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Education

Revisiting the Beautiful Tree – 6

Building upon the data and the tables that were discussed in the previous article, this article discusses the state of education as it was in Madras Presidency when the British started ruling it.

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Revisiting the Beautiful Tree – 5

This article discusses the data of various schools in the Madras presidency and analyzes what education was in the schools and what it meant for the boys and girls who studied there.

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Revisiting “The Beautiful Tree” – 4 – Caste Profile of the Students

The greatest of the myths about ancient Indian education system in India is that Brahmins had such a completely monopoly on every kind of education that almost all other jatis and varnas were illiterate. Dharampal in his seminal study of the 19th century education system broke this myth. Dr. Probal Roy Chowdhury in this article discusses the respective number of students that studied from a particular community.

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Revisiting “The Beautiful Tree” – 3

The number of Indians who studied before the modern age was much higher than that number in Europe. Even more than that in a survey in Madras Presidency during 1822-55 it was found that the number of those who were instructed at homes was nearly five times the number of those who were instructed in the schools. This article looks into these figures.

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Revisiting “The Beautiful Tree” – 2

Contrary to what people believe in a survey in Madras Presidency during 1822-55 it was found that there were 11,575 schools in the Madras Presidency with 1,57,195 students studying in them; the reports of the collectors of various districts also noted that there were in all 1,094 ‘colleges’ or centres of higher learning with 5,431 students studying in them. An important feature that emerged from the survey data was the wide-spread extent of the indigenous system of education, as evidenced by the number of boys who were undergoing instruction.

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Revisiting “The Beautiful Tree” – 1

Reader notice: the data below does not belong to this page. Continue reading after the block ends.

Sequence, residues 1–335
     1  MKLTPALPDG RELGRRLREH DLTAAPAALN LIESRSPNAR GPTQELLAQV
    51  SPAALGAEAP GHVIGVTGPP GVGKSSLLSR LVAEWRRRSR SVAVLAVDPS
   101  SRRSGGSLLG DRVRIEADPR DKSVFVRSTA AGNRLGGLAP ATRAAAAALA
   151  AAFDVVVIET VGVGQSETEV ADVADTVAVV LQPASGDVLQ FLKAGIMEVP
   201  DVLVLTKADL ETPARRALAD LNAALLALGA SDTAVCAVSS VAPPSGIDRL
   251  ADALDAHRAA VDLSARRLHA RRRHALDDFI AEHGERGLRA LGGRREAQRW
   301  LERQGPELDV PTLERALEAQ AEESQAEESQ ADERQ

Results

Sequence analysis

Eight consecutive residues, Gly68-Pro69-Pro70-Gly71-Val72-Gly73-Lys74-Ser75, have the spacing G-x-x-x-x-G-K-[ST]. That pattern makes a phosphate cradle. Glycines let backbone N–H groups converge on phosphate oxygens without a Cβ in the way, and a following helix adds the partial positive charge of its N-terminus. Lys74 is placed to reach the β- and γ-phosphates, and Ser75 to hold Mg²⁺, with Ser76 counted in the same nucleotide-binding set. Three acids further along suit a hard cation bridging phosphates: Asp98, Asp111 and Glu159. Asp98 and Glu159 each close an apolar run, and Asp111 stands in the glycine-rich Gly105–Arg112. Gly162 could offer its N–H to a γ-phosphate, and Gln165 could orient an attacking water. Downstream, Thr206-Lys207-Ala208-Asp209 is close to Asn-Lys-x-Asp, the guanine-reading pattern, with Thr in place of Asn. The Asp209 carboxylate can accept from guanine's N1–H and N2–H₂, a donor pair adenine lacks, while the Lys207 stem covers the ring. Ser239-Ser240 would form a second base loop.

In this article, Probal Roy Chowdhury introduces the idea of The Beautiful Tree which was used as a metaphor for Indian education system by Gandhi and then picked up by Shri Dharampal.

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The Romantic View of Human Relations

The triumph of the romantic view of education was doubly disastrous because it coincided with the triumph of the romantic view of human relations, especially family relations. This view goes something like this: the object of human life being happiness, and the fact that many marriages are unhappy being patent and obvious; it is time to found human relationships not upon such extraneous and unromantic bases as social obligation, financial interest, and duty, but upon nothing other than love, affection and inclination. All attempts at stability founded upon anything but love, affection and inclination are inherently oppressive and therefore ought to be discounted. Once relations — especially those between the sexes — were founded upon love alone, the full beauty of the human personality, hitherto obscured by clouds of duty, convention, social shame and the like, would emerge, as a shimmering dragonfly in the summer. This is an excerpt from ‘Spoilt Rotten – The Toxic Cult of Sentimentality’.

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Introducing Dharampal

In this article, Dr. Probal Roy Chowdhury introduces the major works of Dharampal and discusses what he contributed to Indian historiography. He was one of the pioneers of modern Indian history, particularly the history of Indian education and educational institutions.

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The Sentimental View of Education

In this excerpt, Dalrymple analyzes how the sentimental view of education has ruined the entire system. He quotes Steven Pinker and his influence over British education in the past few years. He tells us how even right ideas can wreak havoc if implemented in wrong domains and with wrong intent. What he gives us is a view of sentimental moralising. This is an excerpt from the book ‘Spoilt Rotten! – The Toxic Cult of Sentimentality’.

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The Romantic Idea of Education

In this article, Theodore Dalrymple the cultural critic discusses how the romantic ideas penetrated or rather invaded educational institutions in the late 19th and early 20th century and how they destroyed the traditional education system which was effective than its substitution. This is an excerpt from ‘Spoilt Rotten – The Toxic Cult of Sentimentality’.

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